Liverpool‘s kids might have lost against Aston Villa in the League Cup, but they had plenty to be proud of.
This isn’t even meant as a show of pity or patronisation: the Reds had 15 shots to Villa’s 11, dominated possession and came out on top both for passes and pass completion. That won’t be remembered in the grand scheme of things, but a five-goal game this was not.
The age of the team makes this impressive, but so does its inexperience: while every member used by Villa had Premier League experience before the game, only two of the visitors could say the same. However, one of the two, Harvey Elliott, played well enough to suggest he has plenty more ahead of him.
Elliott’s top-flight experience came in a Fulham shirt at the end of last season, and it has immediately been obvious why Jurgen Klopp was prepared to give the 16-year-old game-time in the earlier rounds of the competition.
Starting out on the right at Villa Park, he looked the most likely to make things happen, and his spirit wasn’t dulled by the concession of two unfortunate early goals. Indeed, that’s where last year’s experience at Craven Cottage may have helped in allowing a spirited response to being outpunched.
The highlight of Elliott’s evening, and a moment which could easily have brought a deserved goal for Neil Critchley’s young side, came with just under half an hour on the clock. It was the kind of moment which would have drawn plenty of plaudits if it had come from the boot of a more established player in a different situation, so it should not be viewed any differently here.
The scooped pass alone is special in its own right, demonstrating how over-elaboration can serve a purpose beyond simply ‘looking good’, just as sometimes the trick-shot is simply the best way for a snooker player to set up a clearance.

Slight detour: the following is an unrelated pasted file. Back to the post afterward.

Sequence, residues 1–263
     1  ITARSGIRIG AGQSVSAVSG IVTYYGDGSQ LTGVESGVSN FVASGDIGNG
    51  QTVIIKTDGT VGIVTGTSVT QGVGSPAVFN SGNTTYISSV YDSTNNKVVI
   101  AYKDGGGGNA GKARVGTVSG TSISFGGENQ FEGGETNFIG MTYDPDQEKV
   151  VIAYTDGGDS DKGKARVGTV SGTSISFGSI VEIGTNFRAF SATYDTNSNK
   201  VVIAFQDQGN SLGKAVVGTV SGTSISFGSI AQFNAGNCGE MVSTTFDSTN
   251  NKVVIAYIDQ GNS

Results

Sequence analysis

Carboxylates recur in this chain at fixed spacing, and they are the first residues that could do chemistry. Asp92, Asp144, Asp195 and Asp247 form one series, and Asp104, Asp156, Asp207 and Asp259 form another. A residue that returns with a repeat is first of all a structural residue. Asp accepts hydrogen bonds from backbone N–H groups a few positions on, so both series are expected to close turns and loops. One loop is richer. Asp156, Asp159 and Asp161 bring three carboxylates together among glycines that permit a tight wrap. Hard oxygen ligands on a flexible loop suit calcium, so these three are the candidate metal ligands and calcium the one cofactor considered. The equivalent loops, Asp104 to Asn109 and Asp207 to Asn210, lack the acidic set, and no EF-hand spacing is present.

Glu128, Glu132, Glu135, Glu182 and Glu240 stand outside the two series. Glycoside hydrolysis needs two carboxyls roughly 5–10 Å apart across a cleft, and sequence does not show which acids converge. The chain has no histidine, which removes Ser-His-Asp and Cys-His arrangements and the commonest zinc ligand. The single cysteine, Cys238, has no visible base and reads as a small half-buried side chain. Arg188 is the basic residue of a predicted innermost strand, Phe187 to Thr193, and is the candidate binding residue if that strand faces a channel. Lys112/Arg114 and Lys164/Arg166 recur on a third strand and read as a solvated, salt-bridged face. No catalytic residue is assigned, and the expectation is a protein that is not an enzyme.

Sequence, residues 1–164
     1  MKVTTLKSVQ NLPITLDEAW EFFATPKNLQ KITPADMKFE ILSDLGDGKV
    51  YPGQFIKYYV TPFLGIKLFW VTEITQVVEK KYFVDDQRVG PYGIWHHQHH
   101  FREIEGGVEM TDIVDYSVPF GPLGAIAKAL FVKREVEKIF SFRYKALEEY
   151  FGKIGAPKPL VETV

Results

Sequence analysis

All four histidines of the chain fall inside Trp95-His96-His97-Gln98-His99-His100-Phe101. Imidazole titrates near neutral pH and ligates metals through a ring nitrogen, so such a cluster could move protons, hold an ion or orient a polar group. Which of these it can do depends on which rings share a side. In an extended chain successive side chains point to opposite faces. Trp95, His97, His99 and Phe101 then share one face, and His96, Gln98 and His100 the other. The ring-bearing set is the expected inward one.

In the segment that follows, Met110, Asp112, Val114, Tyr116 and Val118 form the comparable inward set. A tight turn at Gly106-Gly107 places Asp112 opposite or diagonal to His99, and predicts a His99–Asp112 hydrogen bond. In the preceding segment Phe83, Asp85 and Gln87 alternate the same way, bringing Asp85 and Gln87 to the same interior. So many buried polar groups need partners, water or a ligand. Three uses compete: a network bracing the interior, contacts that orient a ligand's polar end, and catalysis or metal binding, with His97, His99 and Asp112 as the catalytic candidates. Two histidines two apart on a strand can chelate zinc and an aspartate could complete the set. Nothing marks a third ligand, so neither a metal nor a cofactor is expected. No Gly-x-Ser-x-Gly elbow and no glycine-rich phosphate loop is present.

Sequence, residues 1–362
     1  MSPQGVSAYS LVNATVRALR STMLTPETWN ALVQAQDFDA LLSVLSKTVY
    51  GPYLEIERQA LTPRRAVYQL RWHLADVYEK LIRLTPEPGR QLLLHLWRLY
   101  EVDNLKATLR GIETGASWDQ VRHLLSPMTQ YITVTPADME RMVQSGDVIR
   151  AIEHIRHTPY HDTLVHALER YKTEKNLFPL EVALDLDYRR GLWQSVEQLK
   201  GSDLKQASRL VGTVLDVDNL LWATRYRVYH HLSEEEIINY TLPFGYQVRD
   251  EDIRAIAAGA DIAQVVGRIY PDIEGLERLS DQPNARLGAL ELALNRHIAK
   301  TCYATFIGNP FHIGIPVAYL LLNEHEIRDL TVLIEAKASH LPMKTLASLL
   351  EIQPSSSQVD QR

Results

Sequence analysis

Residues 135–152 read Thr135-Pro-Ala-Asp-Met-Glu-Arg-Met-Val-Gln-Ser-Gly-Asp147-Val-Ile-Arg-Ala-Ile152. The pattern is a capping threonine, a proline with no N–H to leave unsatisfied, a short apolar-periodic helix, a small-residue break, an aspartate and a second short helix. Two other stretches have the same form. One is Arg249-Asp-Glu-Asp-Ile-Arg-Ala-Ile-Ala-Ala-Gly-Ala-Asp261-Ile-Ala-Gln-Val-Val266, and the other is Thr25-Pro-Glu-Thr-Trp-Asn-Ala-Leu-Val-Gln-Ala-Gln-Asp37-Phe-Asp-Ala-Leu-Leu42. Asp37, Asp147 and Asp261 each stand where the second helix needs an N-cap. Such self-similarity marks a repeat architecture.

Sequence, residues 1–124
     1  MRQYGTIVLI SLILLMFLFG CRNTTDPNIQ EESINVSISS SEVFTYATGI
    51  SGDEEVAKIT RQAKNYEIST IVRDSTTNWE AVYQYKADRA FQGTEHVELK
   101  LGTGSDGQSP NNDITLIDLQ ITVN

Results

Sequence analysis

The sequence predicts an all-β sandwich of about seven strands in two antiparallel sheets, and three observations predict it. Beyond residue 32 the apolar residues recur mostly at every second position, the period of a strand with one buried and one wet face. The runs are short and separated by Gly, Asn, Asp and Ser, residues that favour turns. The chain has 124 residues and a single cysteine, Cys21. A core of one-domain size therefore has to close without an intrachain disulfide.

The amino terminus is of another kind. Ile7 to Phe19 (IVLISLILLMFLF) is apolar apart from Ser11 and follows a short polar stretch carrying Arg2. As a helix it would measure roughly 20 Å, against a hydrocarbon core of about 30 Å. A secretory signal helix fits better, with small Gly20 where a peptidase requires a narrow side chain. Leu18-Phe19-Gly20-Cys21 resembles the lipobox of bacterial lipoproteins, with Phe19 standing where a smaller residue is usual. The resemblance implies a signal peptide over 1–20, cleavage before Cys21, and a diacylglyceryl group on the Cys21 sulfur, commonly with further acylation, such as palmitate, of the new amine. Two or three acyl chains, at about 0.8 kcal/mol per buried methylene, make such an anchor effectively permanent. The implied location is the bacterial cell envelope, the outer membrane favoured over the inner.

Elliott surprises left-back Neil Taylor with his stepovers, but not nearly as much as the manner in which he plays in Isaac Christie-Davies.
Our brains are hard-wired to intuit certain types of beat or motion, but by releasing the ball on the half-step, Elliott expresses his refusal to adopt this approach.
To follow it with a level of execution which comes naturally to him but would take hours of practice to work for players far more advanced in their careers? Well, that’s enough to convince us he’s someone we should be paying very close attention to as he moves closer to his first top-flight minutes in a Liverpool shirt.
Elliott is operating within his own sense of time and space, assuming others will need to adjust to him rather than the other way around, and he’s not wrong, It’s like he’s accepted a duel, taken a few steps back, and fired without even needing to turn around. If Orjan Nyland hadn’t been able to drown out the background noise, there’d have been an even greater reward.
🗣️ Liverpool stand-in boss Critchley feels Harvey Elliott is close to being a first-team regular:
"He's not too far away because he trains with our first team on a regular basis.
"He's had first-team exposure already, the manager and staff think a lot of him." pic.twitter.com/l972t13wA5
— Goal (@goal) December 18, 2019
“I don’t know if I use a wrong word in English but he is arrogant and positive,” Fulham manager Slavisa Jokanovic said in 2018 after giving a 15-year-old Elliott his professional debut.
While arrogance still sometimes feels like a dirty word when it comes to English football, the winger gave some pretty good evidence at Villa Park that it really ought not to be. It’s born out of a confidence that you have more to offer than those around you, and that same confidence is what allows you to try unorthodox things when you genuinely believe in your ability to pull them off.
Let’s face it, the best players in the world are not those for whom ‘knowing your limits’ is a familiar concept. You reach the top of this game by pushing the envelope – if it doesn’t work the first time, you keep pushing over and over and over again.
If this ends up with someone calling you arrogant or disrespectful, it simply means you’re doing it right.
By Tom Victor